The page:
Monitoring the exposure of rats to 2-acetylaminofluorene by the estimation of mutagenic activity in excreta, sister-chromatid exchanges in peripheral blood cells and DNA adducts in peripheral blood, liver and spleen
de Raat, W.K.
Instituut CIVO-Toxicologie en Voeding TNO
The sensitivity of various methods suitable for biomonitoring the exposure to genotoxicants was compared in an animal model. The results were related to the presence of genotoxic effects in the target organ. Groups of male Wistar rats were given one oral dose of 0, 0.1, 1, 10 or 200 mg 2-acetylaminofluorene (2-AAF)/5 ml dimethyl sulphoxide/kg body weight. Peripheral blood cells, excreta, liver and spleen were collected at different time intervals after dosing. Mutagenicity in urine and extracts of faeces was determined using the Ames test with Salmonella typhimurium TA98 with and without S9 and with and without ??-glucuronidase. Genotoxic effects were studied by measuring DNA-adduct formation in lymphocytes, liver and spleen, and sister-chromatid exchanges (SCEs) in lymphocytes. DNA adducts were measured with immunochemical techniques and postlabelling methods. Mutagenecity in urine and faeces, collected during the first 24 h after treatment, was detected at 2-AAF doses of 1 mg/kg b.w. and higher. At these doses DNA adducts also became apparent in the liver, the main target organ for tumour induction by 2-AAF. The adduct detected appeared to be the N-(deoxyguanosin-8-yl)-8-AAF adduct. There was no evidence of the presence of any other types of DNA adducts. At doses of 1 and 10 mg/kg b.w. no mutagenicity was detected in excreta collected during the second and third day after dosing. The DNA-adduct level in liver cells of the 1 mg/kg b.w. group was maximal 24 h after dosing. At 200 mg/kg b.w. a delay in excretion of mutagenicity with urine and faeces was seen and at 10 and 200 mg/kg b.w. the amount of DNA adducts continued to increase with time after dosing. At 24 and 48 h after treatment with 10 mg, the adduct levels were of the same order of magnitude as those found after the 20-fold higher dose. This points to overloading of the metabolizing system which in combination with the enterohepatic circulation, may lead to an increased retention of 2-AAF in the body. A slightly increased incidence of SCEs of doubtful significance was seen in lymphocytes, but only at the very high dose of 200 mg/kg b.w. No DNA adducts could be detected in blood lymphocytes or spleen cells at any of the dose levels applied, either with the immunochemical or with the postlabelling method. It was concluded that levels of 2-AAF which induce DNA adducts in the liver result in excretion of measurable amounts of mutagenic activity in urine and faeces but not in DNA adduct formation or an increased incidence of SCEs in lymphocytes.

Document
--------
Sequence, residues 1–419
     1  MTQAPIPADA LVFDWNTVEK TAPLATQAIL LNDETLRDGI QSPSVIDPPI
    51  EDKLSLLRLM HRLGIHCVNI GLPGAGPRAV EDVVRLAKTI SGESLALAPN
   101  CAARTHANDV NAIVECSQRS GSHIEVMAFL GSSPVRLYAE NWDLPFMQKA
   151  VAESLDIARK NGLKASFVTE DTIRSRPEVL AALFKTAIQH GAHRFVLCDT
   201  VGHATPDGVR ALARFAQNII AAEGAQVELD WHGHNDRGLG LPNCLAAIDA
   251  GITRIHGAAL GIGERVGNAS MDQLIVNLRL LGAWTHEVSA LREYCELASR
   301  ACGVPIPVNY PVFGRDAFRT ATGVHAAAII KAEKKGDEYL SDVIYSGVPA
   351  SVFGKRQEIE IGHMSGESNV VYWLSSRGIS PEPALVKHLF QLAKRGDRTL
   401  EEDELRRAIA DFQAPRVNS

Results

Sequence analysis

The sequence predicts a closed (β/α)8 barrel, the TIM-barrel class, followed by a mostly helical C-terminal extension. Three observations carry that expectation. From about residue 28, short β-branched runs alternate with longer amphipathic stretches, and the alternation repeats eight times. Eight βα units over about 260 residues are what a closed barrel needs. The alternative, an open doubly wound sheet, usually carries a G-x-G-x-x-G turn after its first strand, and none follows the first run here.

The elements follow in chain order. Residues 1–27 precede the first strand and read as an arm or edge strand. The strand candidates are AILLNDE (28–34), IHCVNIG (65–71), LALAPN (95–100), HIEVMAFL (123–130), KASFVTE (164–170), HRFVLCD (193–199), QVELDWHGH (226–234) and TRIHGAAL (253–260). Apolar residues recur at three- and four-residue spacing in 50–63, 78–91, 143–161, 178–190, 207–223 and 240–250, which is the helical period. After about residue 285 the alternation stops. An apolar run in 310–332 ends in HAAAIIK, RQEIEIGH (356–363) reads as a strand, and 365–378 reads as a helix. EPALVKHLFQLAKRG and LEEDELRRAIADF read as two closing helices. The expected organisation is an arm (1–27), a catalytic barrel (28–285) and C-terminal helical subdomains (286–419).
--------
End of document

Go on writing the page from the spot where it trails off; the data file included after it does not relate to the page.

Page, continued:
To reference this document use:
Mutation Research - Fundamental and Molecular Mechanisms of Mutagenesis, 176 (2), 211-223